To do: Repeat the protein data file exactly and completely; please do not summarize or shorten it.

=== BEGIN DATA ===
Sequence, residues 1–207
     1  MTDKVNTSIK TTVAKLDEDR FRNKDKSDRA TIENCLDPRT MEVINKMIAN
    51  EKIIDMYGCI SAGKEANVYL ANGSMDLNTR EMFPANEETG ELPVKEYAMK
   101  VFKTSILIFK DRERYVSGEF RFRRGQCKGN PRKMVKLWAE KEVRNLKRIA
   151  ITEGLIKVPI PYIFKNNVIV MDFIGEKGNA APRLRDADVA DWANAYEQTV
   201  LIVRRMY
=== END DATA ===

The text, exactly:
Sequence, residues 1–207
     1  MTDKVNTSIK TTVAKLDEDR FRNKDKSDRA TIENCLDPRT MEVINKMIAN
    51  EKIIDMYGCI SAGKEANVYL ANGSMDLNTR EMFPANEETG ELPVKEYAMK
   101  VFKTSILIFK DRERYVSGEF RFRRGQCKGN PRKMVKLWAE KEVRNLKRIA
   151  ITEGLIKVPI PYIFKNNVIV MDFIGEKGNA APRLRDADVA DWANAYEQTV
   201  LIVRRMY